Talk about a flip-flop.
A bizarre article was published by Russian security company Kaspersky on Wednesday. But you won’t be able to find it on their website now.
Entitled “Why we should not be afraid of being watched while online”, the article was posted on the Kaspersky Academy website – a project run by the company to “support young talents in IT security”.
Here is part of the article’s conclusion:
there are many more [reasons] why you shouldn’t be paranoid and try to conceal your location while online. Remember if you’re doing nothing wrong, you have nothing to hide. There is almost to zero chance that you would be of interest to any secret service on the planet. The only nuisance to you will be advertisement robots – and there are more effective tools against them than online anonymity.
Seriously? We shouldn’t be concerned about being watched online? If “you’re doing nothing wrong, you have nothing to hide”?
Woah. That seems an odd position for a company which you would think was dedicated to protecting the security and privacy of its customers.
For posterity and those who might have missed it, I managed to find a cached copy of the entire article even though Kaspersky has since zapped it from its site (click on the image below for a full size version):
Understandably, the article caught the eye of a few skeptical observers online:
Hmmm RT @e_kaspersky: Why we should not be afraid of being watched while online https://t.co/9k2Prea4j5 #privacy http://t.co/ArrXXRwJsX
— Charles Indelicato (@cindelicato) August 28, 2014
Well this is disturbing MT @e_kaspersky: Why we should not be afraid of being watched online https://t.co/OnKqeUMHP5 http://t.co/t1OOQ50O7V
— Scott Elcomb (@psema4) August 29, 2014
But Kaspersky’s social media team must have really realised they had dropped a clanger when Finnish anti-virus guru Mikko Hypponen tweeted his surprise about the article too.
Could it be that a hacker has broken into Kaspersky Lab’s web servers and fiddled around with its text? Is this all a prank defacement designed to embarrass the company.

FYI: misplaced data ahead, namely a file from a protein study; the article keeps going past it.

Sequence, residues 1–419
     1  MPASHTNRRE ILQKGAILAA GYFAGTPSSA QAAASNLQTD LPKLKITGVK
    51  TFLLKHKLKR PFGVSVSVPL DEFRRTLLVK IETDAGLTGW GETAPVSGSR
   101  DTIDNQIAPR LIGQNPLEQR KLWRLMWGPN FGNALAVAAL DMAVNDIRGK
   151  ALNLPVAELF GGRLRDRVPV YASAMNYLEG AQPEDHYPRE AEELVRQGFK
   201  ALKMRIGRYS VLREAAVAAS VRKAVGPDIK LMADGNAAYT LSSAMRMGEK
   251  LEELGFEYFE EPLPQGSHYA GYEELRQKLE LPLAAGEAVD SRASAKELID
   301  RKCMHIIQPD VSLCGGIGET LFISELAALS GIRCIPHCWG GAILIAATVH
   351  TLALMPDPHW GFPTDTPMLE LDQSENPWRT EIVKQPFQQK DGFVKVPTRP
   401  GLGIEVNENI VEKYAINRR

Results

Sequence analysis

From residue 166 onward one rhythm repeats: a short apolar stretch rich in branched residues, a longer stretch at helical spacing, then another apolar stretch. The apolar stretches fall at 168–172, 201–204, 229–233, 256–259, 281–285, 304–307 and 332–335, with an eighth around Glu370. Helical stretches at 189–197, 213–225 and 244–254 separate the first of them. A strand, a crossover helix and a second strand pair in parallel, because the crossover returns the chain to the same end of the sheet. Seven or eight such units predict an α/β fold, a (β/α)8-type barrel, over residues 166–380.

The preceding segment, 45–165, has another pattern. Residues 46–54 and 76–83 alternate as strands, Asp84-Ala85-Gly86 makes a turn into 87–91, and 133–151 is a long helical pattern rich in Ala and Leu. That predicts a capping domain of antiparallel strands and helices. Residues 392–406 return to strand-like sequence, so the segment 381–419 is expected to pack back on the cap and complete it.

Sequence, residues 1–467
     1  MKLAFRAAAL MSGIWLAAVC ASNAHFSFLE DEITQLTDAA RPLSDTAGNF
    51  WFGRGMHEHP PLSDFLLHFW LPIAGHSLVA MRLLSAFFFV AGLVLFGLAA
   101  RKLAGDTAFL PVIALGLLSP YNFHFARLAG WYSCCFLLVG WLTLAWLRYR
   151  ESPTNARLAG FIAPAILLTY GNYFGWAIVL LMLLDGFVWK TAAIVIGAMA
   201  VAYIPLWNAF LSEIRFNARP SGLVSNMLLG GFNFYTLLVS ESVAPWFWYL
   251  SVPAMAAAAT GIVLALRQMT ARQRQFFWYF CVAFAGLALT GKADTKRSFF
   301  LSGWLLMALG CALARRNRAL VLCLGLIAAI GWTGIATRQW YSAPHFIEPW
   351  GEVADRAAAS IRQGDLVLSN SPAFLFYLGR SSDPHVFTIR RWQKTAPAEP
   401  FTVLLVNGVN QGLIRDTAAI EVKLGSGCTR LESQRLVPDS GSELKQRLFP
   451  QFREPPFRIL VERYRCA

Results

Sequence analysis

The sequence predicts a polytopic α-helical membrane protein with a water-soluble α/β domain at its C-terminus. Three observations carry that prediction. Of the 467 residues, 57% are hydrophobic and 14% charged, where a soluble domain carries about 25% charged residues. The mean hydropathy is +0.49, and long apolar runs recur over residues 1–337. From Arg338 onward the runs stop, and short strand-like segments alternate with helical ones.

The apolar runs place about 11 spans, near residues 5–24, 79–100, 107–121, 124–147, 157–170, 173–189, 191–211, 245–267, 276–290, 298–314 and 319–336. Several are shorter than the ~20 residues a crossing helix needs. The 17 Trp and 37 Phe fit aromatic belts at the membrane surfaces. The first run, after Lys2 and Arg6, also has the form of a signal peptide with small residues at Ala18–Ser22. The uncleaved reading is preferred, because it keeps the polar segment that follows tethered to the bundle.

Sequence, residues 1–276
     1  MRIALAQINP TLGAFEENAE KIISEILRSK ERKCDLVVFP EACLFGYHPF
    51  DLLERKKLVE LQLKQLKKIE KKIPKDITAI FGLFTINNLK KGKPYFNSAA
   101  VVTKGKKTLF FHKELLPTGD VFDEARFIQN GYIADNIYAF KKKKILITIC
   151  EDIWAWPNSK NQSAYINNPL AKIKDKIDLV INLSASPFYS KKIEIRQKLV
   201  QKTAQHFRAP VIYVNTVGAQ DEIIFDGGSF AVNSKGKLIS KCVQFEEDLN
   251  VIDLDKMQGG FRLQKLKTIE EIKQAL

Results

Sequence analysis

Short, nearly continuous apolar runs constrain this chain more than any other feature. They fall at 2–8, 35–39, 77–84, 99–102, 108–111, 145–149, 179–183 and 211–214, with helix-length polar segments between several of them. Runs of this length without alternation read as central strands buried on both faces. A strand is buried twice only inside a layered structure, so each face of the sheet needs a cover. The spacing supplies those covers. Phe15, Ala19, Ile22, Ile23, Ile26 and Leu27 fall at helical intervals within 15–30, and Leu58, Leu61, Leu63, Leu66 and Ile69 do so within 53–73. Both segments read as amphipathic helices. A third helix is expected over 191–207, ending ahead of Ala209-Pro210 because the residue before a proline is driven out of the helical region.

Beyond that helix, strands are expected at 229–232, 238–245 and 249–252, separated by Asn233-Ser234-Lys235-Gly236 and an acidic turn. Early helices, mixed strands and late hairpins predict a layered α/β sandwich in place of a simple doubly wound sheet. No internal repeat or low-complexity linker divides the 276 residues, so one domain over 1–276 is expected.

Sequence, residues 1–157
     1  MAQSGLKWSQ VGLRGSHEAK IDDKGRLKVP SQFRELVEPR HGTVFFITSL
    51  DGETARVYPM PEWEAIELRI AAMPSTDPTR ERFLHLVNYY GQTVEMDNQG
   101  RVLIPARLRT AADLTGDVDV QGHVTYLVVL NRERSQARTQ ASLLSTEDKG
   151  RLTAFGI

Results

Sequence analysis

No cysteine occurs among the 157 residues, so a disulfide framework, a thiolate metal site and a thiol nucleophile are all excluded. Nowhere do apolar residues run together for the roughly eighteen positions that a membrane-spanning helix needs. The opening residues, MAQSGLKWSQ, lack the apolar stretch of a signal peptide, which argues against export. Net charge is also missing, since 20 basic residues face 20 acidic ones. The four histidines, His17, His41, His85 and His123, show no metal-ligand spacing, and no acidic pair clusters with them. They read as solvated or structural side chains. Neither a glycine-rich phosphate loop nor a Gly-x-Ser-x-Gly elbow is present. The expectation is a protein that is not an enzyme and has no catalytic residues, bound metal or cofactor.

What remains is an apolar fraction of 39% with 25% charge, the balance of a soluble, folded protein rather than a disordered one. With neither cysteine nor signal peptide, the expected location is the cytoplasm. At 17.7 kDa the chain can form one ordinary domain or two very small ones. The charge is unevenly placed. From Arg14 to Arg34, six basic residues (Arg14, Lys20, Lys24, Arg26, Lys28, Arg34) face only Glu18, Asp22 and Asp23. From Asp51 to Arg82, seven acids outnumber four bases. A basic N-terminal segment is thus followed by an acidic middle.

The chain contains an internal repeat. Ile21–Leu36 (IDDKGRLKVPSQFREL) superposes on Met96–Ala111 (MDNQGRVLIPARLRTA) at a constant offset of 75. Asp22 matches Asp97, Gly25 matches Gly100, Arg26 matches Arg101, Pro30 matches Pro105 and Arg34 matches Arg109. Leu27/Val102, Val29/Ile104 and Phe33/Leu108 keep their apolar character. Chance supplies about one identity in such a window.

Apparently not. It seems the embarrassment for the Russian security firm is entirely self-inflicted.
After all, CEO and Founder Eugene Kaspersky had himself tweeted the link out to his followers – and there would be a right ding-dong if it turned out Eugene’s Twitter account had been compromised.
Earlier today, Kaspersky Lab removed the article from its website – replacing it with an apology and a link to its (much more orthodox) views on privacy.
The content of this article was actually a draft of the column by an independent author. It was published accidentally, and Kaspersky Lab do apologize for misunderstanding.
Author’s views do not reflect the official position of Kaspersky Lab on the subject of privacy (our position on privacy could be found here).
Of course, everyone is human and can make mistakes. And maybe the original version of the article wasn’t the official viewpoint of Kaspersky Lab and its chief Eugene Kaspersky (although he has often banged on about the need for internet passports, which I think is a troubling idea..), and maybe staff failed to properly check the piece before publishing it and promoting it online.
But hey, they’ve learnt one lesson haven’t they? Once you post something onto the internet, it never really disappears – even if you delete it from your web server. ;-)
The truth is that everybody today needs to be sensible about what they do online and how they protect it from snoopers. The “if you’re not doing anything illegal, what are you worried about?” argument has to be vigorously fought, as it’s a slippery slope through which all of our privacy will eventually disappear.
After all, as we’ve discussed before, even the most innocent-seeming meta-data can reveal a lot that we may have wished to keep secret.
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2 comments on “Kaspersky Lab “accidentally” defends monitoring of innocent internet users in online article”
That view is a scary one especially when some do not realise exactly what they're suggesting. And by that I mean in real life, history included and yes before the (and in addition to!) Internet (and think about it: spying is a part of wars and has been longer than Arpanet, so…therefore longer than the Internet). Facebook is a good example here, and Mark Z. himself has suggested exactly this. A most clueless suggestion. In reality, your privacy is part of your security. There's a real quick way get anyone to understand this, at least it should: you have nothing to hide, you say? Okay, then would you mind giving me your banking info (routing number etc.)? In fact, give me everything related to your finances. While you're at it, may I have your ID too? I'll need your passwords of course, as well. Etc. It is worse than stupid – it is really stupid and flat out dangerous. And that Kaspersky did that… is… scary. Indeed, not only is there cache but there's also the wayback machine, and there's other spiders (other than Google) and that even includes common command line utilities that do this (wget, curl, …).
Edit: and yes, an Internet passport is absurd and also rather unfeasible (and be thankful of that) without some serious changes that would cause a huge backlash (as it should!).
Amusingly, the author of the "nothing to hide, nothing to fear" article has remained anonymous.